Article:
Previous reports are in conflict whether there is a long term trend of Christmas typhoons due to their differences in the use of timescale and study period9,10. Here we show that there is no significant long term trend in Christmas typhoon frequency in the WNP, in the Philippines, and in Mindanao from 1984 to 2020 (Fig. 1d). However, using a climate regime shift index17,18, a significant downward regime shift is detected in 1991 (Period 1) until an upward shift in 2012 (Period 2; p < 0.05, two-tailed) in the WNP, in the Philippines, and in Mindanao. In the WNP (Philippines), the mean TC frequency during Period 1 is 1.19 (0.57) while there are 2.11 (1.78) TCs during Period 2, which translates to more than 70% (210%) increase. In Mindanao, the mean TC frequency increased from 0.19 during Period 1 to 1.11 during Period 2, which indicates greater than 480% increase. Given that the Christmas typhoon frequency in the WNP is significantly correlated with that in the Philippines (r = 0.79, p < 0.000, two-tailed) and in Mindanao (r = 0.61, p < 0.000, two-tailed), we used the timeseries in the WNP in the succeeding discussion.
One concern that has to be resolved is whether the small number of years in Period 2 warrants effectively significant difference from Period 1. The power analysis of the compared independent means shows that for a given alpha of 0.05 the probability of obtaining a significant difference between Period 1 sampled at 20 years and Period 2 sampled at 9 years is 97% of the time while the risk of committing a Type II error while such probability is false is 3% of the time (Supplementary Table S1). Furthermore, a Cohen’s d effect size19 that is greater than 0.8 indicates that the magnitude of the difference between the two periods is effectively apart from each other. The negative sign of the effect size implies the direction of the effect, which denotes that the mean of Period 1 is effectively smaller than the mean of Period 2. While we recognize the limited number of TC occurrences during the LAS, the 37-year timeseries is deemed sufficient because the timeseries has no significant long term trend and it also covers the reported reliable time period of analysis for TC research, which starts in 198420.
The mean Christmas typhoon passage frequency during Period 1 and Period 2 (Fig. 2a,b) show an increased typhoon passages towards the Philippines, particularly toward its southern portions during the Period 2 (Fig. 2c). Such finding is supported by a wider and extended WNP subtropical high flanking around 10° N of the Philippines, which directs Christmas typhoon passages toward the southern Philippines. The WNP subtropical high regulates TC tracks and their variability in the WNP21.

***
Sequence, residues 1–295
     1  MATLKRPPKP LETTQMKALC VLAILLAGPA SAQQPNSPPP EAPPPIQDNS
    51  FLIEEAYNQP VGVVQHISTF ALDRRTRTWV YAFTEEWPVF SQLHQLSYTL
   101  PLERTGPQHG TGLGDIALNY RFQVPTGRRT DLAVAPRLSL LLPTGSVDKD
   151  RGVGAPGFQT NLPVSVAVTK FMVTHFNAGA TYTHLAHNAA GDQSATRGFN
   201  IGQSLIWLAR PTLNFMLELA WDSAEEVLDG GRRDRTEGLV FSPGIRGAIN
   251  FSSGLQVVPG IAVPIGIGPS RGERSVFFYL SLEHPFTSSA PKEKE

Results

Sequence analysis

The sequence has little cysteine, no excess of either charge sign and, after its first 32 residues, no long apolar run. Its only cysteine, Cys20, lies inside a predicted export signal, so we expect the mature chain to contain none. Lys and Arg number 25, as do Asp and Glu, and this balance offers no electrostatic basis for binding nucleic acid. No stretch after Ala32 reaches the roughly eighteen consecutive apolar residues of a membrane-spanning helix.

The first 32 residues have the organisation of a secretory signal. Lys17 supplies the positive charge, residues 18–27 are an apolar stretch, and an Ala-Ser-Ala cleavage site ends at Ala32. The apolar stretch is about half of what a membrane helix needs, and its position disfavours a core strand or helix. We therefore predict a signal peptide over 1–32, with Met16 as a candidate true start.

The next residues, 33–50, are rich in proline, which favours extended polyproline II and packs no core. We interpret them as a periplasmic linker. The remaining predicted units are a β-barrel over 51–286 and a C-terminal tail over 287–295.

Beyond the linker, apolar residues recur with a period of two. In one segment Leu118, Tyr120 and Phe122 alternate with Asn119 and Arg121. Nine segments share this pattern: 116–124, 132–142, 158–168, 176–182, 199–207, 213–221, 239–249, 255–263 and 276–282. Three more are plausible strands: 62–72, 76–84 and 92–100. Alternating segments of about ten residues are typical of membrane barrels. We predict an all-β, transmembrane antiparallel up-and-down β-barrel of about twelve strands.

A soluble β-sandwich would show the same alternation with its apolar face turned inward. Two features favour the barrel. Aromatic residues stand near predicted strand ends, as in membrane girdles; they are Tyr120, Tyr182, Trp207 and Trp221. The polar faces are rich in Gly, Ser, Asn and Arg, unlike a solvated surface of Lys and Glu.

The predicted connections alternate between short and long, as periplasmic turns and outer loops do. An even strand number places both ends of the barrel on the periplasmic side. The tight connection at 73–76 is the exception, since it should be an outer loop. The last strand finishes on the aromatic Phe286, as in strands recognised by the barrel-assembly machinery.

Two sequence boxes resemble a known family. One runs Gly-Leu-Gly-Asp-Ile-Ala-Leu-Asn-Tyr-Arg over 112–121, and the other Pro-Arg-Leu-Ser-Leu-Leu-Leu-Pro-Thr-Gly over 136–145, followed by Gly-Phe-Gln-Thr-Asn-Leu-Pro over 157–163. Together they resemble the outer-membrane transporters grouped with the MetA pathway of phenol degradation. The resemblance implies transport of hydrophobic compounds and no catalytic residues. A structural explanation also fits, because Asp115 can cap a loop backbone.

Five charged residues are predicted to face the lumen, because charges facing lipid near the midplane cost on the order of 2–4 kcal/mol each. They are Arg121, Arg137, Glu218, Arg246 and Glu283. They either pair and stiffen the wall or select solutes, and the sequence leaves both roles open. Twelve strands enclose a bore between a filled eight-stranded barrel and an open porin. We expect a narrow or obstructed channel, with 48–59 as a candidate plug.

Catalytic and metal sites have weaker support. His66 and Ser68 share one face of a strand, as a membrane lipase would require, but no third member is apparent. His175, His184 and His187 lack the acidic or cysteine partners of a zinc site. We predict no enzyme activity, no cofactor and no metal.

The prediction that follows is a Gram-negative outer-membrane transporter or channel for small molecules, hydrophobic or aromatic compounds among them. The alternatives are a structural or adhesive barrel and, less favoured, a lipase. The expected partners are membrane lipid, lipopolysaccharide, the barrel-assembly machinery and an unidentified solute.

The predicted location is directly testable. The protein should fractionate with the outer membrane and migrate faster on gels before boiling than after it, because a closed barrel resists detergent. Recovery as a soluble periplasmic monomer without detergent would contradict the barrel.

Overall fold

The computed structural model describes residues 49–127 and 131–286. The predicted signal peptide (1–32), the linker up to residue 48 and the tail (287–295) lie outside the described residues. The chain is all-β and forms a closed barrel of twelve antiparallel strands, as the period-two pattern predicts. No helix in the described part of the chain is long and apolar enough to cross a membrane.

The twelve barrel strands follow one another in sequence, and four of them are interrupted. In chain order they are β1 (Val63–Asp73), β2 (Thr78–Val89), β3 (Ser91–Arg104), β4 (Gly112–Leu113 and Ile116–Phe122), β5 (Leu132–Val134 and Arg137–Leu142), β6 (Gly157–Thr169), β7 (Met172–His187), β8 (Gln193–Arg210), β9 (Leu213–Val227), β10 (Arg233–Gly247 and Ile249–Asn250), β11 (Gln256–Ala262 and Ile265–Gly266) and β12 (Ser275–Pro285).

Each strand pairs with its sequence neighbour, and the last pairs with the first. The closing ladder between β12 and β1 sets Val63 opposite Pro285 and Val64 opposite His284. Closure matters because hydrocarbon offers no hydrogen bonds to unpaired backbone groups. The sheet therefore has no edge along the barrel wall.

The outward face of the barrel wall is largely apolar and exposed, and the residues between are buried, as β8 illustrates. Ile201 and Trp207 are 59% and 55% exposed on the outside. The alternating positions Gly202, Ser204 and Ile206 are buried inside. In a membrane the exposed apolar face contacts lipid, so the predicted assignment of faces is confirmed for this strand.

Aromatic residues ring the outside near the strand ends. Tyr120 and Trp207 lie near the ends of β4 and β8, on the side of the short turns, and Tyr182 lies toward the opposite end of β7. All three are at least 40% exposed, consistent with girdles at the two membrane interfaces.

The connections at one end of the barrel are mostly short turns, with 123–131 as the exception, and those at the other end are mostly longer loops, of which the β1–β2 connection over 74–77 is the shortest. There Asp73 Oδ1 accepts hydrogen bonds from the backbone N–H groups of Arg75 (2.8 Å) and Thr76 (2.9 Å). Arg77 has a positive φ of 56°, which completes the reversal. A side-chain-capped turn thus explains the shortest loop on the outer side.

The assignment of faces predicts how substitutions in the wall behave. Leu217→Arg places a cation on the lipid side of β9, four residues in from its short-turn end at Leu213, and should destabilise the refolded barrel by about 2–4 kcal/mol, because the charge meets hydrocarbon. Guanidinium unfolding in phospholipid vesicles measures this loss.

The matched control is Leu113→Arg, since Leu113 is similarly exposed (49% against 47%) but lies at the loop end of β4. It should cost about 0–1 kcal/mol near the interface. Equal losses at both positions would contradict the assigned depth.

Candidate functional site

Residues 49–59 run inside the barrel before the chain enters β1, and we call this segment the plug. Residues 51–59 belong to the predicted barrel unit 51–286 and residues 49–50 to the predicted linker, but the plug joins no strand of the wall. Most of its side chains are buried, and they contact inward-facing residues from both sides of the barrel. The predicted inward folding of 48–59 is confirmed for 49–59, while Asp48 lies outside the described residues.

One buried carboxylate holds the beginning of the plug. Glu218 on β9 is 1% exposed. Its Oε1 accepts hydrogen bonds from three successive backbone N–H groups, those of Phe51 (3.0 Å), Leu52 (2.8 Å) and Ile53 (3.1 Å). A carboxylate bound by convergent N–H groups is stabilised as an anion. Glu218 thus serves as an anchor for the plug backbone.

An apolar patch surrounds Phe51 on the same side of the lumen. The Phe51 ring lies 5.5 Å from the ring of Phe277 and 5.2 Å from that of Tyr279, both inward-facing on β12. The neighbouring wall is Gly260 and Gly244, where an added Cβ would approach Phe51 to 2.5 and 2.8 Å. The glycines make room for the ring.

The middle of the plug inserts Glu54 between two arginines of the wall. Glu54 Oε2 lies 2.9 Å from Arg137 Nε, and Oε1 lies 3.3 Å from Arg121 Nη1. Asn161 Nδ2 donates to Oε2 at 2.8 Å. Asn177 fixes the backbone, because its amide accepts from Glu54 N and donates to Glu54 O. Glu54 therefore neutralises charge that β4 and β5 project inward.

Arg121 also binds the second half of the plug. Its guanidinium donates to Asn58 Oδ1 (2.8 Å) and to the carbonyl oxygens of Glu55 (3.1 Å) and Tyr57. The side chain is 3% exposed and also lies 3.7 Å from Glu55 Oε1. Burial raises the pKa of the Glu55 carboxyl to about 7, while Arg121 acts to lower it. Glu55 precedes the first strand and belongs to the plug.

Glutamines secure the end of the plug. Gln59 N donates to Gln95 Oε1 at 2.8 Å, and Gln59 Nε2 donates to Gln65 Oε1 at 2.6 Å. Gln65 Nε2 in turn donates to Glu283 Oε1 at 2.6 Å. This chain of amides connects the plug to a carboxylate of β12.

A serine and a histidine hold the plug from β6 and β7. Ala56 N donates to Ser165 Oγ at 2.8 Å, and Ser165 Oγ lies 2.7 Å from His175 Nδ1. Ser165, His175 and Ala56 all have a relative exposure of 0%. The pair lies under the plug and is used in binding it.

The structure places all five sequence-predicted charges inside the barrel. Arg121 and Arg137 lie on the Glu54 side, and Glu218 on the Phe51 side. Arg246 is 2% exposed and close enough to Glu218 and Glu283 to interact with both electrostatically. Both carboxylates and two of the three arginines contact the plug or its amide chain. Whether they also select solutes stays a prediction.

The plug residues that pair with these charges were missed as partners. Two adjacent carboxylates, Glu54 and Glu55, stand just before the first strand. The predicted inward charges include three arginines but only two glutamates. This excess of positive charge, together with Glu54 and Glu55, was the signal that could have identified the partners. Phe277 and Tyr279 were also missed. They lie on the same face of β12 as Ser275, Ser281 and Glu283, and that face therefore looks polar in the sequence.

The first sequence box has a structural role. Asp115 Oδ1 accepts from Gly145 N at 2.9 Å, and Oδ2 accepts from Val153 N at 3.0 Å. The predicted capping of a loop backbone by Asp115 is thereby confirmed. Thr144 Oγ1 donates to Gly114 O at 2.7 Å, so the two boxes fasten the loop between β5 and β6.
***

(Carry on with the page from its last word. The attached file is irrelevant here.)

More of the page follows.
The composite difference between Period 2 and Period 1 shows significant changes in the large-scale environmental conditions that are favorable for Christmas typhoon genesis, which include higher 850 hPa relative vorticity, anomalous low-level westerlies, warmer sea surface temperatures (SST), stronger 850 hPa water vapor fluxes, and anomalous convective and low-level convergent activities (Fig. 3a,c,e; p < 0.05, two-tailed). An increase in water vapor fluxes in a humid environment is more favorable for TC formation compared to a dry environment22,23. The negative outgoing longwave radiation indicates the presence of anomalous convective activities and low-level convergence to the east of the Philippines that are directed by the extended WNP subtropical high towards the Philippines.
In absence of the summer monsoon trough, the convergence of the anomalous equatorial westerlies with easterlies provides background higher low-level cyclonic vorticity, which results to the formation of anomalous cyclonic circulation in the warm SST region of the central Pacific (around 160° E). In this sense, the higher relative vorticity bands the convective anomalies together to form pre-existing disturbances that are necessary for TC genesis11,12.
Moreover, the warm SSTs translate to higher air-sea temperature difference, which results to higher low-level water vapor fluxes from the sea to the atmosphere that reduce the entrainment of dry air and further enhances the convective anomalies22,23. The enhancement of precipitation from the higher water vapor fluxes results to the strengthening of cyclonic perturbation in a vortex whose strength is relative weak, which gives way to TC development24.
Influence of SST-based modes of variability
The El Niño Southern Oscillation (ENSO) is a dominant interannual mode of SST variability in the equatorial Pacific that tends to peak during the boreal winter25. A number of previous studies have established the linkage between ENSO and permutations of TC metrics such as frequency, intensity, duration, etc.26,27. Even though these studies mostly focused on the more active season and other timescale variations, it remains surprising that there is insufficient literature on the linkage between ENSO and Christmas typhoons.
It is previously reported that the positive phase of ENSO is unfavorable for Christmas typhoon formation because the warm SST anomalies located to the east of the Philippines are relatively small and the background atmospheric conditions are also unfavorable for increased upward motion9, which could suppress pre-existing convective activities. However, it is widely thought that the interannual variations of ENSO, particularly its warm phase, are favorable for active tropical convection and associated stronger upward motion that are precursors for TC development25,26,27,28.